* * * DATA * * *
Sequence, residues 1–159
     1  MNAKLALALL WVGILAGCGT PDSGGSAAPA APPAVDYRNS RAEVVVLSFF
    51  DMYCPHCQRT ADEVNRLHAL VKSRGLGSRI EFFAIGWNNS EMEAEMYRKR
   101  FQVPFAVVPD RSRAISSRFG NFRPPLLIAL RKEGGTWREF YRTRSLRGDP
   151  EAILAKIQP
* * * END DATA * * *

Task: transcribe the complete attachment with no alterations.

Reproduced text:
Sequence, residues 1–159
     1  MNAKLALALL WVGILAGCGT PDSGGSAAPA APPAVDYRNS RAEVVVLSFF
    51  DMYCPHCQRT ADEVNRLHAL VKSRGLGSRI EFFAIGWNNS EMEAEMYRKR
   101  FQVPFAVVPD RSRAISSRFG NFRPPLLIAL RKEGGTWREF YRTRSLRGDP
   151  EAILAKIQP